PORTLAND, Ore. (AP) — A small-town sheriff who gained national attention for his leadership during a 41-day standoff with armed occupiers at a wildlife refuge in Oregon is resigning, citing chronic underfunding for his department and concerns about liability caused by an outdated and understaffed jail.
Harney County Sheriff Dave Ward announced his decision to resign on Dec. 31 in an opinion piece published Wednesday in the Burns Times-Herald. He said he was not willing to continue operating a jail “that is not funded to meet the minimum standards required” or to stand by while more staffers are laid off.
Ward was sheriff in 2016 when armed protesters angry about federal control of Western lands overtook the Malheur National Wildlife Refuge in the remote county and stayed there for weeks. Ward became the face of local government authority.
In the letter, Ward says Harney County faces a serious budget shortfall because of an accounting error — a deficit that he says has worsened the already woeful funding for the sheriff’s department.
County workers already work 10 unpaid hours on furlough each month, he said, and the only way to address budget cuts to the sheriff’s department would be layoffs.
The deficit in the general fund is more than $800,000 in the next fiscal year, according to county budget documents cited by Oregon Public Broadcasting.
“I am no longer willing to accept the civil liability associated with the failure to appropriately fund/staff our jail, search and rescue, or law-enforcement services to our community. These are not frivolous expenditures; they are duties and responsibilities of the sheriff, mandated by law,” he wrote.
The jail staffing levels in the county fall below the minimum requirements in Oregon, and the facility is severely outdated, with no hope of making repairs, he added.
Ward did not return a call seeking comment on Thursday.
Harney County Treasurer Bobbi Jo Heany didn’t immediately return a call or e-mail seeking comment.
Harney County is about 300 miles (482 kilometers) southeast of Portland, nestled between three national forests.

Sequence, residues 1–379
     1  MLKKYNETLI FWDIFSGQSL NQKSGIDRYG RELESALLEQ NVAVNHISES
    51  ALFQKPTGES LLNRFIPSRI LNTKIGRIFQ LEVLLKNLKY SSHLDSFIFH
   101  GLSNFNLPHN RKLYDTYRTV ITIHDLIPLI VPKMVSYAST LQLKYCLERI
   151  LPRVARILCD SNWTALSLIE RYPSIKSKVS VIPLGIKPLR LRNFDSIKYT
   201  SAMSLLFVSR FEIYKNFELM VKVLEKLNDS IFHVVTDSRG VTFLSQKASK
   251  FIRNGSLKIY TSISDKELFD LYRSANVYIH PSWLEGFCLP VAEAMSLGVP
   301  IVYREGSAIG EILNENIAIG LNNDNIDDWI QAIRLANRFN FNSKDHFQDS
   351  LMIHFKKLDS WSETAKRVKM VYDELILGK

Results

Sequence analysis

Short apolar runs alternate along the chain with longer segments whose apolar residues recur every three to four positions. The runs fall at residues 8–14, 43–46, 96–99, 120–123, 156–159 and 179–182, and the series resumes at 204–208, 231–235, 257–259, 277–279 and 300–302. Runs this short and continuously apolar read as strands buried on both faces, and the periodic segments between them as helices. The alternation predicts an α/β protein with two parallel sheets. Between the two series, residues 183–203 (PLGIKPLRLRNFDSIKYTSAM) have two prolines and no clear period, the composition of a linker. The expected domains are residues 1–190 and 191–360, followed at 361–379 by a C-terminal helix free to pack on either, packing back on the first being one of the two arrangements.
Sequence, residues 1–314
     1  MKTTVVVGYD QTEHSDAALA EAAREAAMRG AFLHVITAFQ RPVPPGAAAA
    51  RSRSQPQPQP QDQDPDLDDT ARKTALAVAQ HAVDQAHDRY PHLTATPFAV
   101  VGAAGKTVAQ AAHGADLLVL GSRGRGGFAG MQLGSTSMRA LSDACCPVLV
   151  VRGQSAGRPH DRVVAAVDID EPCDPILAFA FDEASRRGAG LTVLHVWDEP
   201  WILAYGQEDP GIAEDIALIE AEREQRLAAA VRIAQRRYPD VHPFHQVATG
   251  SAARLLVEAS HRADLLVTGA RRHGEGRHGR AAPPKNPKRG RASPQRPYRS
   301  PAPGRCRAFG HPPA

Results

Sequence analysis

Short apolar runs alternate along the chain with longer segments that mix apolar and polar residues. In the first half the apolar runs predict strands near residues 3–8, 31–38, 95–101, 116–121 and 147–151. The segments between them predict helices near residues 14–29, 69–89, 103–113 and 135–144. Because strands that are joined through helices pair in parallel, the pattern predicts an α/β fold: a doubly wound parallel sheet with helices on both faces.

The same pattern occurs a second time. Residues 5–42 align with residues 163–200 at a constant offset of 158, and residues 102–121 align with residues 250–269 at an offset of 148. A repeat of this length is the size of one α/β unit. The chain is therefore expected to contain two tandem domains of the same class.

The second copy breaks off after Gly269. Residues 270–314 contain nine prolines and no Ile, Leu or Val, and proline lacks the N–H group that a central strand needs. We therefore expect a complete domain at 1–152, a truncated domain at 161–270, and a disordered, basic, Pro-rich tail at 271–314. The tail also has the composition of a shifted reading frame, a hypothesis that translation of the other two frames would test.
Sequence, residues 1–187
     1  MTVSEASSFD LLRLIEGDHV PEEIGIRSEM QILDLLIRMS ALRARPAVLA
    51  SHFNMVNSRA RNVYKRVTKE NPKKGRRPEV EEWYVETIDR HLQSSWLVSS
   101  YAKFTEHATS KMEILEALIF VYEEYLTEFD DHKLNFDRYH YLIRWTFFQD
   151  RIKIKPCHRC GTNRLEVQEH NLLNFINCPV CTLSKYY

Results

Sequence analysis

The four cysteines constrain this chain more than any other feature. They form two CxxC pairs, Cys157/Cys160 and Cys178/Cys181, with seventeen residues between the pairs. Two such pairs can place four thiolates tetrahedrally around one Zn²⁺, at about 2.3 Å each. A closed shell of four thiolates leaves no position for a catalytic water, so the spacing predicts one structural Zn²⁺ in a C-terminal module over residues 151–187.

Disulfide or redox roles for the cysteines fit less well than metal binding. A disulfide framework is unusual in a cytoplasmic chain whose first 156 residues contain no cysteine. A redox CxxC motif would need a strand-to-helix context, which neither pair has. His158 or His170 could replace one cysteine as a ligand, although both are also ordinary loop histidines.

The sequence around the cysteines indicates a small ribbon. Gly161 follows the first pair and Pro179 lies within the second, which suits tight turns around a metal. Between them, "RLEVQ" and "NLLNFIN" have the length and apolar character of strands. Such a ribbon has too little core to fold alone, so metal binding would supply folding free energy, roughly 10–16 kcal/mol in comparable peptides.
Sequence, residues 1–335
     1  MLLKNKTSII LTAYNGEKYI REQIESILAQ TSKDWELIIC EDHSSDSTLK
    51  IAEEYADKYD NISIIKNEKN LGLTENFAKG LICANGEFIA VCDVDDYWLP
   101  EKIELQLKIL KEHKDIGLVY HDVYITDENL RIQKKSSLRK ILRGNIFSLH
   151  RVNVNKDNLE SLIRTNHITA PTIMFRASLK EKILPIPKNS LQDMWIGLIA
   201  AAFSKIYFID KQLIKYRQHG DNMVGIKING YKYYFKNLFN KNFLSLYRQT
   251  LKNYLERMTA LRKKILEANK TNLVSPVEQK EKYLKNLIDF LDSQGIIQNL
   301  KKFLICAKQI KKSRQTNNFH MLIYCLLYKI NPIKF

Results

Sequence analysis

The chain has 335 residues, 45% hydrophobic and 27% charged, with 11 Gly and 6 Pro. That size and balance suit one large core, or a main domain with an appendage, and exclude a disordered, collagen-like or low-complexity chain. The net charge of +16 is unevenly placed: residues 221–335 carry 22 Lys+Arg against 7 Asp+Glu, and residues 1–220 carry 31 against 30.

Dozens of people, including leader Ammon Bundy, occupied the remote Malheur National Wildlife Refuge from Jan. 2, 2016, to Feb. 11, 2016, to protest federal control of Western lands and the imprisonment of two Oregon ranchers convicted of setting fires on federal land.
Members of the group were allowed to come and go for several weeks as authorities tried to avoid bloodshed seen in past standoffs at Waco, Texas, and Ruby Ridge, Idaho. But authorities moved in Jan. 26 when key standoff leaders left for a community meeting, pulling over two vehicles and arresting the occupiers inside. Standoff spokesman Robert “Lavoy” Finicum was shot and killed by Oregon State Police.
Most occupiers left the refuge after Finicum’s death, though four holdouts stayed an additional 16 days.
Federal prosecutors tried to convict occupation leaders Ammon and Ryan Bundy and five others in a 2016 trial but jurors acquitted them of charges of conspiring to impede federal workers from their jobs.
Federal charges were dropped in 2018 against the Bundy brothers and their father, Cliven Bundy, in a 2014 standoff in Nevada over a roundup of Bundy cattle.
The ranchers whose case sparked the standoff were pardoned by President Trump last year.
Follow Gillian Flaccus on Twitter at http://www.twitter.com/gflaccus